|Directed by||Sidney Franklin|
|Produced by||Irving Thalberg|
|Written by|| Hanns Kräly |
|Based on|| Private Lives |
by Noël Coward
|Starring|| Norma Shearer |
|Music by||William Axt|
|Edited by||Conrad A. Nervig|
Private Lives is a 1931 American pre-Code comedy film directed by Sidney Franklin. The screenplay by Hanns Kräly and Richard Schayer is based on the 1930 play Private Lives by Noël Coward.
Elyot Chase and Amanda Prynne, divorced after a tempestuous marriage, are dismayed to discover they both have opted to honeymoon with their new spouses at the same hotel on the French Riviera. Elyot finds his bride Sybil's questions about Amanda annoying, while Amanda wishes her new husband Victor would stop referring to Elyot every chance he gets. When Elyot discovers Amanda on the terrace their adjoining suites share, he insists he and Sybil immediately depart for Paris, the same plan Amanda proposes to Victor. The two ex-spouses quarrel with their new mates, both of whom set off in search of peace and quiet.
Left to reminisce, Elyot and Amanda rekindle their relationship with a kiss and make a pact to put an end to any verbal battles when either one utters the name "Solomon Isaacs." The two then abandon and flee to St. Moritz, but before long they begin a spat that evolves into a major fight about a phonograph record, which Amanda breaks over Elyot's head, an action that leads to total destruction of their hotel room. Rushing out, Amanda meets Victor and Sybil, who have tracked down the prodigal duo, and everyone becomes involved in the dispute. Things finally calm down, and the two couples meet for breakfast the next day, but when Victor and Sybil begin to fight, Elyot and Amanda walk out and depart the resort by train.
When Noël Coward's play proved to be a hit both in London and on Broadway, MGM executive Irving Thalberg bought the rights for a film adaptation starring his wife, Norma Shearer. Coward was uncertain if Shearer was capable of handling the sophisticated dialogue of his comedy of manners, but the actress confidently proclaimed, "I don't care what he thinks - he thinks in theater terms - I think in film terms. It doesn't seem to occur to Mr. Coward that we both may turn out to be right!" She personally suggested Robert Montgomery, who already had appeared in three films opposite her, for her co-star.
The studio filmed a performance of the play with Coward and Gertrude Lawrence, which the director and cast closely followed. According to Coward biographer Cole Lesley, the playwright was pleased with the outcome and described the leading performers as "perfectly charming." The film's critical acclaim and financial success proved instrumental in helping Coward sell the film rights to several other plays.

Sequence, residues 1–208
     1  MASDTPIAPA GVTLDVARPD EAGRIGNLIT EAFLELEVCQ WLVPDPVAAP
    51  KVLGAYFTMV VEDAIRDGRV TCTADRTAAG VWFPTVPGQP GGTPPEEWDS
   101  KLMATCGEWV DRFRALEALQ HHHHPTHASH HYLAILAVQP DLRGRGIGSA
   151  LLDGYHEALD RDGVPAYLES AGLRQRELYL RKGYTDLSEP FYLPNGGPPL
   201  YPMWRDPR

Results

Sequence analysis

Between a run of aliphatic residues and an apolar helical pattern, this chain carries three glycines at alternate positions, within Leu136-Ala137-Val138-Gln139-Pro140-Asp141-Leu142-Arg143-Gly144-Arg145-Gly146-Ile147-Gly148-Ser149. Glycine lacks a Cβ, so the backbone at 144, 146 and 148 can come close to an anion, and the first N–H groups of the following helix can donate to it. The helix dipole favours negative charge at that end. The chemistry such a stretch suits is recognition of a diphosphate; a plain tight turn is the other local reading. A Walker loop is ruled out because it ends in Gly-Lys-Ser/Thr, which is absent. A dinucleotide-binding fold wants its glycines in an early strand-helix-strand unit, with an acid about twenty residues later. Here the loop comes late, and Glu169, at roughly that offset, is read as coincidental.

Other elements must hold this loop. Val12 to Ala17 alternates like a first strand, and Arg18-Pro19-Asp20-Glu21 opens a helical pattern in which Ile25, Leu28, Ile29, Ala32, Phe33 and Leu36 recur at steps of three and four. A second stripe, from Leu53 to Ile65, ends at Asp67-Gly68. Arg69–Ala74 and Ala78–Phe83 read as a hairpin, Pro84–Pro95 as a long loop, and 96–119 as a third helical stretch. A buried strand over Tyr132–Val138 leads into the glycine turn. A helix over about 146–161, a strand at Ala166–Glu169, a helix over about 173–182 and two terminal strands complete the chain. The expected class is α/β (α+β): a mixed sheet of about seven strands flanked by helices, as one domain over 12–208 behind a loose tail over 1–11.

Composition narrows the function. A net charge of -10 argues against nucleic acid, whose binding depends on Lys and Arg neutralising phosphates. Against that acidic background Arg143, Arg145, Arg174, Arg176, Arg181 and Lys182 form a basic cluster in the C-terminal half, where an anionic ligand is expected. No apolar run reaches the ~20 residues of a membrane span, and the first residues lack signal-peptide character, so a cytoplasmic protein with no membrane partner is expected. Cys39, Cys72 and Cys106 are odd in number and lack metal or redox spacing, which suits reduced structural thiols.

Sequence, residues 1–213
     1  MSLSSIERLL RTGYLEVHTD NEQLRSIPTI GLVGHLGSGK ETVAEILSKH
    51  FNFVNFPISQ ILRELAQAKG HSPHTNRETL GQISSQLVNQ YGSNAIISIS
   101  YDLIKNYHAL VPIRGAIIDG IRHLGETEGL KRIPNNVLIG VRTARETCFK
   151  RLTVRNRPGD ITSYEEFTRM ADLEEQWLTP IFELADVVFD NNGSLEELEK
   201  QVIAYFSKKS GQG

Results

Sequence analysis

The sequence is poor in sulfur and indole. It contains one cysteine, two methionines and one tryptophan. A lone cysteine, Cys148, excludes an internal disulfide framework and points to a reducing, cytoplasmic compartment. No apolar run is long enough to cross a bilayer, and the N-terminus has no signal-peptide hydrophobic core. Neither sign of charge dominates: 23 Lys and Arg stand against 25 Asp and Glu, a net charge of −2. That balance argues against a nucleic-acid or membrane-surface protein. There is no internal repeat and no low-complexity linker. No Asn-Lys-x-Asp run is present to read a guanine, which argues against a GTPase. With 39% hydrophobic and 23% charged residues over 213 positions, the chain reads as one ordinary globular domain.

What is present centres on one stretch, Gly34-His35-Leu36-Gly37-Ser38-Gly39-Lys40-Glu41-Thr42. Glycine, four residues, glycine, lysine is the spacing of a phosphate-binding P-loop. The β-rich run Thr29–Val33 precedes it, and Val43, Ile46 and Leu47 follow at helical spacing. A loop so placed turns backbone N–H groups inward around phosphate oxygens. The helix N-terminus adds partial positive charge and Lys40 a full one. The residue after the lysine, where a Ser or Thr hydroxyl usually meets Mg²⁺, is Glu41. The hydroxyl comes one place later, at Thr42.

Exteriors were filmed in Franklin Canyon in the Santa Monica Mountains and Glacier National Park, Montana. The song "Someday I'll Find You," sung by Shearer and frequently heard as an underscore on the soundtrack, was written by Coward.[ citation needed ]
Mordaunt Hall of The New York Times called the film "a swift and witty picture" and "one of the most intelligent comedies that has come to the screen." He added, "Sidney Franklin's direction is excellent and Norma Shearer as Amanda Prynne gives an alert, sharp portrayal . . . Robert Montgomery struggles with matters at the outset, but he soon succeeds in doing well enough with his rôle . . . Una Merkel and Reginald Denny both deserve a great deal of credit for their work."
Laurence Kerr Olivier, Baron Olivier, was an English actor and director who, along with his contemporaries Ralph Richardson and John Gielgud, was one of a trinity of male actors who dominated the British stage of the mid-20th century. He also worked in films throughout his career, playing more than fifty cinema roles. Late in his career, he had considerable success in television roles.
Private Lives is a 1930 comedy of manners in three acts by Noël Coward. It concerns a divorced couple who, while honeymooning with their new spouses, discover that they are staying in adjacent rooms at the same hotel. Despite a perpetually stormy relationship, they realise that they still have feelings for each other. Its second act love scene was nearly censored in Britain as too risqué. Coward wrote one of his most popular songs, "Some Day I'll Find You", for the play.
Tonight at 8.30 is a cycle of ten one-act plays by Noël Coward, presented in London in 1936 and in New York in 1936–1937, with the author and Gertrude Lawrence in the leading roles. The plays are mostly comedies, but three, The Astonished Heart, Shadow Play and Still Life, are serious. Four of the comedies include songs, with words and music by Coward.
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The Astonished Heart is a 1950 British drama film directed by Terence Fisher and starring Celia Johnson, Noël Coward, and Margaret Leighton. It is based on Coward's play The Astonished Heart from his cycle of ten plays, Tonight at 8.30.
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